But wrapt in conscious worth, content sit down,
Since Fame, resolv'd his various pleas to crown,
Though forc'd his present claim to disavow,
Had long reserv'd a chaplet for his brow.
He bows, obeys; for time shall first expire,

Ere Johnson stay, when Virtue bids retire.
The honourable Thomas Herveyt and his lady having

s See an account of him in the European Magazine, Jan. 1786.

The honourable Thomas Hervey, whose letter to sir Thomas Hanmer, in 1742, was much read at that time. He was the second son of John, the first earl of Bristol, and one of the brothers of Johnson's early friend, Henry. Hervey. He married, in 1744, Anne, daughter of Francis Coughlan, esq. and died Jan. 20, 1775.---MALONE.

unhappily disagreed, and being about to separate, Johnson interfered as their friend, and wrote him a letter of expostulation, which I have not been able to find : but the substance of it is ascertained by a letter to Johnson in answer to it, which Mr. Hervey printed. The occasion of this correspondence between Dr. Johnson and Mr. Hervey, was thus related to me by Mr. Beauclerk. “Tom Hervey had a great liking for Johnson, and in his will had left him a legacy of fifty pounds. One day he said to me, • Johnson may want this money now, more than afterwards. I have a mind to give it him directly. Will you be so good as to carry a fifty pound note from me to him ?' This I positively refused to do, as he might, perhaps, have knocked me down for insulting him, and have afterwards put the note in his pocket. But I said, if Hervey would write him a letter, and enclose a fifty pound note, I should take care to deliver it. He accordingly did write him a letter, mentioning that he was only paying a legacy a little sooner. To this letter he added, P. S. I am going to part with my wife. Johnson then wrote to him, saying nothing of the note, but remonstrating with him against parting with his wife.”

When I mentioned to Johnson this story, in as delicate terms as I could, he told me that the fifty pound note was given to him by Mr. Hervey in consideration of his having written for him a pamphlet against sir Charles Hanbury Williams, who, Mr. Hervey imagined, was the author of an attack upon him; but that it was afterwards discovered to be the work of a garretteer, who wrote The Fool: the pamphlet, therefore, against sir Charles was not printed.

In February, 1767, there happened one of the most remarkable incidents of Johnson's life, which gratified his monarchical enthusiasm, and which he loved to relate with all its circumstances, when requested by his friends. This was his being honoured by a private conversation with his majesty in the library at the queen's house. He had frequently visited those splendid rooms, and noble collection of books 4, which he used to say was more numerous and curious than he supposed any person could have made in the time wbich the king had employed. Mr. Barnard, the librarian, took care that he should have every accommodation that could contribute to his ease and convenience,' while indulging his literary taste in that place ; so that he had here a very agreeable resource at leisure hours.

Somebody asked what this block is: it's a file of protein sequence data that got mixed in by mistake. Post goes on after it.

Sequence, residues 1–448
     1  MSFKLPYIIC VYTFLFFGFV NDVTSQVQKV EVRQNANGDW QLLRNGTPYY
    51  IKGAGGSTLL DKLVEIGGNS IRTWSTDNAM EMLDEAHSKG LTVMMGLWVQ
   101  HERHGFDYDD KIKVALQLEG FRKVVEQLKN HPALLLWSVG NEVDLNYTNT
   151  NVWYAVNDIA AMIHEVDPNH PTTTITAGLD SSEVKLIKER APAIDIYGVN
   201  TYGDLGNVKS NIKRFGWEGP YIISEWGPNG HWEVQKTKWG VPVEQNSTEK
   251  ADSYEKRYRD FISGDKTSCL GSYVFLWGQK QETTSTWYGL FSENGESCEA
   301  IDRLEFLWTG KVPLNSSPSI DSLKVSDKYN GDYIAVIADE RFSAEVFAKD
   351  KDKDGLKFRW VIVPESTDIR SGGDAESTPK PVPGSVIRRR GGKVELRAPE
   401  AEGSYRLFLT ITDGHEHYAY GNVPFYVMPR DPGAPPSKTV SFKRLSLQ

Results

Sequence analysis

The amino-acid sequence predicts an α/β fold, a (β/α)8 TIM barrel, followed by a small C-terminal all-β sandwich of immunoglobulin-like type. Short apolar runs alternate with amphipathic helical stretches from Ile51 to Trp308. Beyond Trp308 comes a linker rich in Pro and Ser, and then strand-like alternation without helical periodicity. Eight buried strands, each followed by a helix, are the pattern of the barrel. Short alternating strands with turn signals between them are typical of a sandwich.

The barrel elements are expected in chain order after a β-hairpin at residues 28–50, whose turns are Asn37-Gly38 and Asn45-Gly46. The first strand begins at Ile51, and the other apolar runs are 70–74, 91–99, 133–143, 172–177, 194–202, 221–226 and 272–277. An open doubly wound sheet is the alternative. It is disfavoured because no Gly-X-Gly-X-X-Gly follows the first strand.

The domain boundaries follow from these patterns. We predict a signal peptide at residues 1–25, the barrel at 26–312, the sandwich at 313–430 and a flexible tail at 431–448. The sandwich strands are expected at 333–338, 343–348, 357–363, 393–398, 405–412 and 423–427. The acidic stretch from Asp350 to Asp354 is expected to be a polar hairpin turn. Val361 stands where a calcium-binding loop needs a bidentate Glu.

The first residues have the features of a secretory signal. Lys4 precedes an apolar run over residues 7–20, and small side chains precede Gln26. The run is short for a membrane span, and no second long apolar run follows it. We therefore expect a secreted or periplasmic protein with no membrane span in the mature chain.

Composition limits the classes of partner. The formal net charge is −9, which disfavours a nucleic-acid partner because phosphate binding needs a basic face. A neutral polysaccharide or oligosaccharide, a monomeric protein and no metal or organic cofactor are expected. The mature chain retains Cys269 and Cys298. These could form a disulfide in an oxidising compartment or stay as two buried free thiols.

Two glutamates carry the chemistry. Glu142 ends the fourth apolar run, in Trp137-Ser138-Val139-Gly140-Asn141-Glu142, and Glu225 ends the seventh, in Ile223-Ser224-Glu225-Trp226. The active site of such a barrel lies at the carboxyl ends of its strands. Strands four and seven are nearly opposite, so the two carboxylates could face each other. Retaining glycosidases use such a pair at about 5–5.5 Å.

His majesty having been informed of his occasional visits, was pleased to signify a desire that he should be told when Dr. Johnson 'came next to the library. Accordingly, the next time that Johnson did come, as soon as he was fairly engaged with a book, on which, while he sat by the fire, he seemed quite intent, Mr. Barnard stole round to the apartment where the king was, and, in obedience to his majesty's commands, mentioned that Dr. Johnson was then in the library. His majesty said he was at leisure, and would go to him: upon which Mr. Barnard took one of the candles that stood on the king's table, and lighted his majesty through a suite of rooms, till they came to a private door into the library, of which his majesty had the key. Being entered, Mr. Barnard stepped forward hastily to Dr. Johnson, who was still in a profound study, and whispered him, “Sir, here is the king.” Johnson started up, and stood still. His majesty approached him, and at once was courteously easy*.

" Dr. Johnson had the honour of contributing his assistance towards the formation of this library; for I have read a long letter from him to Mr. Barnard, giving the most masterly instructions on the subject. I wished much to have gratified my readers with the perusal of this letter, and have reason to think that his majesty would have been graciously pleased to permit its publication; but Mr. Barnard, to whom I applied, declined it “on his own account.”—BOSWELL.

* The particulars of this conversation I have been at great pains to collect, with the utmost authenticity, from Dr. Johnson's own detail to myself; from Mr. Langton, who was present when he gave an account of it to Dr. Joseph Warton and several other friends at sir Joshua Reynolds's; from Mr. Barnard;